Fedora’s artwork, including our print-ready media art and other collateral, are produced by the Fedora community, much of it by the Fedora Design Team (our Ambassadors team creates some as well!) Alexander’s F17 media sleeves design For the past several releases, Alexander Smirnov has created and maintained our media artwork, countdown banners, and with Fedora 17 he’s released a fantastic release party poster. He is doing a truly kickass job and is a real hero for us, so if you see him around please thank him! He was also the artist who created Fedora 17’s beefy and miraculous fireworks wallpaper, using Inkscape of course. 🙂 Here’s a run-down of the designs he has produced for Fedora 17 including the source files: Disk Labels and Sleeves (there are separate versions for EMEA to accommodate their printing requirements.) Fedora 17 Fireworks Wallpaper artwork Fedora 17 Release Poster Fedora 17 countdown banner for fedoraproject.org Alexander’s fantastic F17 release poster design More Stuff! Here’s some more Fedora 17 release resources that may come in handy for you: Fedora 17 Screenshots – these were created by Kévin Raymond and feature various desktops available in Fedora as well as the default GNOME 3 shell. List of …

Beefy has a beef.

I have seen a vision of the future, and this is what I saw: Why would Beefy be targeting the panda with a laser gun? Why is the panda glowing green? How did this situation come about? What happens next? Your mission! It’s a contest. 🙂 Come up with the best story to go with this picture, and: You’ll get to name the panda. Your story will be illustrated and used in a Fedora webapp’s error message pages (more on that tomorrow at FUDcon. 🙂 ) You will receive a LIMITED EDITION, ONE-OF-A-KIND, direct-to-garment printed Beefy Miracle and radioactive panda T-shirt, using the design of your choice from your story (or the design above.) Want to give it a shot? Submit your ideas in the comments below!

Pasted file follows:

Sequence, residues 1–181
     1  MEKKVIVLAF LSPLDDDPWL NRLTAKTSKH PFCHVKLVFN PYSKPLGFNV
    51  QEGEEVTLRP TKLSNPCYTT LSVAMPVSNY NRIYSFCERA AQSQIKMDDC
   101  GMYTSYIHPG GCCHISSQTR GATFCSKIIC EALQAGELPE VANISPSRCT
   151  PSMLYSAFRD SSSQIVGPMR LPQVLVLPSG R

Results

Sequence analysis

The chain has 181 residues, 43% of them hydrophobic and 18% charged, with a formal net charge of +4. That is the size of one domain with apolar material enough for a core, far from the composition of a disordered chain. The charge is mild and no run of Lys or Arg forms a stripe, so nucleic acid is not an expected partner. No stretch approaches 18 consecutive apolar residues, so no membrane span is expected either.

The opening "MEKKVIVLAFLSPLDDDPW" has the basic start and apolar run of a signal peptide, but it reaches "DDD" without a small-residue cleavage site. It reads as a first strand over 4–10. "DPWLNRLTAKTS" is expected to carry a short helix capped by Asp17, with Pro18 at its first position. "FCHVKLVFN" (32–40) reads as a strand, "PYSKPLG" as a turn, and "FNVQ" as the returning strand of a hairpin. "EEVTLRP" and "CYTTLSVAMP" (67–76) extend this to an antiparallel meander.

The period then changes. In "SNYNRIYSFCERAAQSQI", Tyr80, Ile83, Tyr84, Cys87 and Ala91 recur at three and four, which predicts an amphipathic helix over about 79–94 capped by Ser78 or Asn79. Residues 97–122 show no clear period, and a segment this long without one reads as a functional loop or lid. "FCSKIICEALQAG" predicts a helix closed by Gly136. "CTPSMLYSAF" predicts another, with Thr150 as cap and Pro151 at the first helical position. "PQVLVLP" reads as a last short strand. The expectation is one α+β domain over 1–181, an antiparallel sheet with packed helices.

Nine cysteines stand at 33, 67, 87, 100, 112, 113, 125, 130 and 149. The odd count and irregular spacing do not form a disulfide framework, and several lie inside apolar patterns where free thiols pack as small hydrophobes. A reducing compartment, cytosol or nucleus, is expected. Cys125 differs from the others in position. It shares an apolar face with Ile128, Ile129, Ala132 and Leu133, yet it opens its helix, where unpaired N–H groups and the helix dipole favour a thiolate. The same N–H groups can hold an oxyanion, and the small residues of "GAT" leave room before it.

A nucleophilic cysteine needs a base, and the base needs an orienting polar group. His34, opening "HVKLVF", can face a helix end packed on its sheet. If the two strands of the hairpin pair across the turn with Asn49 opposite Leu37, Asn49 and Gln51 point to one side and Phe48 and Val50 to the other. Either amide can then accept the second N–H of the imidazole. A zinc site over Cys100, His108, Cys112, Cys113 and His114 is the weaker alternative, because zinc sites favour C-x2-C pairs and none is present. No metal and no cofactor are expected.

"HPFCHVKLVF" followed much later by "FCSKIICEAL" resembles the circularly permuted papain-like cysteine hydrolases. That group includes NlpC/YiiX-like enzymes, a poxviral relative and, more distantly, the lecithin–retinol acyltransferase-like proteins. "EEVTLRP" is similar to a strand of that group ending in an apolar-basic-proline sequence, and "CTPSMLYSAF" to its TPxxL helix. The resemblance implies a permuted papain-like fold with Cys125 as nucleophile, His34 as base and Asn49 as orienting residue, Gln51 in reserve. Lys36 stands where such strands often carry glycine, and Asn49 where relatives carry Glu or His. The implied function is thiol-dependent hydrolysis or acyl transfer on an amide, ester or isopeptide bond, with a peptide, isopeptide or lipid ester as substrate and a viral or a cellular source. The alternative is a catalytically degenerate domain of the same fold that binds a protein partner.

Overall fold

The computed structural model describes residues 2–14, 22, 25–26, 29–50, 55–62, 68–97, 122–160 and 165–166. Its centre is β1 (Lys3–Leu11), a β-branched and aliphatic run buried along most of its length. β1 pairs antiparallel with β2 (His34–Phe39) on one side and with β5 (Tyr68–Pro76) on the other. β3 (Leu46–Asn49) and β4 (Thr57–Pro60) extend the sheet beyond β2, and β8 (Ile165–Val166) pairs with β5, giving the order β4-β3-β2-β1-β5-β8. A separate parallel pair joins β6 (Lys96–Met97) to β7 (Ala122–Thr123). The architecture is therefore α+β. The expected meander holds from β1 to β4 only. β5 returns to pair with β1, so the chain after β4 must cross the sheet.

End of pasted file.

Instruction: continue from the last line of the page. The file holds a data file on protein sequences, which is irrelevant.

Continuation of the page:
Design team imageboard test server and WE NEED Fedora 16 theme artists!

Fedora Imageboard Test Server Yesterday with some help from smooge and nb, I set up a Danbooru-style image board to test out, and I am hoping that Fedora artists and designers might play with it and see if it’d be a useful resource. It’s an application called Shimmie. What is an imageboard? It’s a bulletin board or forum type of website that focuses much more heavily on images rather than text. You can read more about them in Wikipedia’s article. Traditionally they are used for ‘found’ images, and I don’t know if they are used much by folks who are generating original artwork, but it seems as if they would be a useful tool for collaborative image production, as they would keep discussion focused on visuals. Anyway, if you are so artistically inclined, please feel free to try it out. It is a test server and it is not backed up, so make sure you keep local copies of your drawings or also copy them to your fedorapeople.org account. http://publictest04.fedoraproject.org/artboard/ Fedora 16: Verne I think maybe this imageboard it might be a cool opportunity to start sketching, sharing, and collaborating some Jules Verne and/or steampunk artwork ideas for Fedora 16 …